Our editorial writer starts well, and rather innocuously. But the phrase "local government" flashes a warning sign: isn't public education the primary mandate of the Department of Education and by extension the national government? Uh-oh. I'm afraid the bias is showing this early.
The “pushcart classroom” idea is less appealing than the School Board to any of the more enterprising minds in the local government of Naga, known nationwide for being innovative and being first-among-equals. But with the honors Efren Peñaflorida is reaping throughout the country and the world, it will not be surprising if the local government of Naga will join the bandwagon of those who are honoring the pushcart hero. Peñaflorida is a good name to be associated with today as the national elections are just around the corner.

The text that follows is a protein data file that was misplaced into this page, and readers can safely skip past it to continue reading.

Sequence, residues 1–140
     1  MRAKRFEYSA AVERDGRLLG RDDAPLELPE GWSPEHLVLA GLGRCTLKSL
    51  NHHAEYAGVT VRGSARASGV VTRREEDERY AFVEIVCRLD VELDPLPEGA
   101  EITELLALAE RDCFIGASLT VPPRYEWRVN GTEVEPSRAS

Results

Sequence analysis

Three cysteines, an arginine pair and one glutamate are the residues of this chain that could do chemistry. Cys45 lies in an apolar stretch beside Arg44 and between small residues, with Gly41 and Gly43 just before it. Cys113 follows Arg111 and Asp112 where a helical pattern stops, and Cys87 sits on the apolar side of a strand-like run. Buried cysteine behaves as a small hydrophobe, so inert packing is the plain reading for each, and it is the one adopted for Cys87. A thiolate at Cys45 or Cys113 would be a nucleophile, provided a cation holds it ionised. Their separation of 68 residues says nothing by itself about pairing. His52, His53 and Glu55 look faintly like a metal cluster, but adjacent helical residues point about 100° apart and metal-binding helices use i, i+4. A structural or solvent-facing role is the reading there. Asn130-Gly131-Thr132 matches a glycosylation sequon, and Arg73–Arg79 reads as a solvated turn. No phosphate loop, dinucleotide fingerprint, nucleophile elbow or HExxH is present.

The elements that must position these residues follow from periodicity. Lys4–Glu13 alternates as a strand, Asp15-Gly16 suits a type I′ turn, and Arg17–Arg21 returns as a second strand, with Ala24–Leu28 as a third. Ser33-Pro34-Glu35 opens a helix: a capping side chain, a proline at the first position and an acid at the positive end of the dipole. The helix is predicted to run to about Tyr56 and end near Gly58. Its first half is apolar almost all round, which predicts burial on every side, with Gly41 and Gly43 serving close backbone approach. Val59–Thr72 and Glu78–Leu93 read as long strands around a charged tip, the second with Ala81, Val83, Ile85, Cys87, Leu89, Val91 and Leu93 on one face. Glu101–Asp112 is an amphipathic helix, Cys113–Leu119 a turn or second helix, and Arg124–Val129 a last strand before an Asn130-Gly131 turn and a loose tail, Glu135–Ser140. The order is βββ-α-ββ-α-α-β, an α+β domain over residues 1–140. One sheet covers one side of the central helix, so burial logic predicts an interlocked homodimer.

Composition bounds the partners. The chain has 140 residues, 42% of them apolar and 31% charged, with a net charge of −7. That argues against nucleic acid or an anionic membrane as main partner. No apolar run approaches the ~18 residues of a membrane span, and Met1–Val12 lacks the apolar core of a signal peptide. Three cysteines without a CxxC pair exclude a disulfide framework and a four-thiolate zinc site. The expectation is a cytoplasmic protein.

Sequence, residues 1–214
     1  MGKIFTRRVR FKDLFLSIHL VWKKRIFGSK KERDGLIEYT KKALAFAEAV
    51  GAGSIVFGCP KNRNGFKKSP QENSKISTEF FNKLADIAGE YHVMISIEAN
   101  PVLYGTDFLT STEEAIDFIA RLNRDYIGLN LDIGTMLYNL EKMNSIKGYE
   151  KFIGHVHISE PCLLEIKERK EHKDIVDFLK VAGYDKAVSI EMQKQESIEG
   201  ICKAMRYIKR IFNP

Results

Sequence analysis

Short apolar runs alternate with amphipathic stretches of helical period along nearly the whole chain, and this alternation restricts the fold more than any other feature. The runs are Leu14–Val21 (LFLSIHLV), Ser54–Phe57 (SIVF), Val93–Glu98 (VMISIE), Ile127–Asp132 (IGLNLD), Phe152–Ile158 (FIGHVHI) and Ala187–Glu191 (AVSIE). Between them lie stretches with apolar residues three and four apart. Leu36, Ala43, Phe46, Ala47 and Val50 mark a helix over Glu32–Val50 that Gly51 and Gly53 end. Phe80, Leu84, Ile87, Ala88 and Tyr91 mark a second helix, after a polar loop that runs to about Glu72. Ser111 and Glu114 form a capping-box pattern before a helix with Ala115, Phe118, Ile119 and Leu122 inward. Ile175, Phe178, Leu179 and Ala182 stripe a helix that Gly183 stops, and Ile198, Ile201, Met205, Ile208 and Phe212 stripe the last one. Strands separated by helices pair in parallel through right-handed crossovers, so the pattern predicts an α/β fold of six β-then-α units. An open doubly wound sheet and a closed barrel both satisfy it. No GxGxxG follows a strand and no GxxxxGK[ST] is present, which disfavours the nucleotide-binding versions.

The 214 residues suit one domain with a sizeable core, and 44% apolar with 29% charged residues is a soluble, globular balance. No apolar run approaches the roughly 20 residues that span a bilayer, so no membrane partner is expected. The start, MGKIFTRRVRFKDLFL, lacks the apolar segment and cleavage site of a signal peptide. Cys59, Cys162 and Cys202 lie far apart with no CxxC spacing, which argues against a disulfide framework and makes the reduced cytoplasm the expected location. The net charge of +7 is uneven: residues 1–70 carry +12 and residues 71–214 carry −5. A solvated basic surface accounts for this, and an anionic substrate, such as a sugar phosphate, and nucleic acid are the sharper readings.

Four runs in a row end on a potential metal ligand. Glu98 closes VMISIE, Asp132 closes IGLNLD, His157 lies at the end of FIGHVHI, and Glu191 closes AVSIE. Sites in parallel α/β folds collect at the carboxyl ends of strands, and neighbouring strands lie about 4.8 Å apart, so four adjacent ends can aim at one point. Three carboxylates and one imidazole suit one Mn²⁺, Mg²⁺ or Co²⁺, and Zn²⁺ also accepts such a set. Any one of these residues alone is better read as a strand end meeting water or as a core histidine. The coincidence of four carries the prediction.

I didn't know he's already dabbling in fortune telling. Let's see if the city government, through the sangguniang panlungsod, will take the bite. Personally, the accolades coming Efren Peñaflorida's way is more than enough; the bigger challenge is learning its lessons and actually applying it.
Already Malacañang, in trying to make up for its shortcomings in education, has announced that the Order of Lakan Dula, one of the Philippine government highest honors awarded to a civilian who “has demonstrated by his life and deeds a dedication to the welfare of society” would be conferred upon Peñaflorida. In a press statement, Lorelei Fajardo, deputy presidential spokesperson, even said the government was willing to extend financial aid and other forms of assistance to help Peñaflorida expand his groundbreaking program on education.
A statement of fact, which needs no disputing.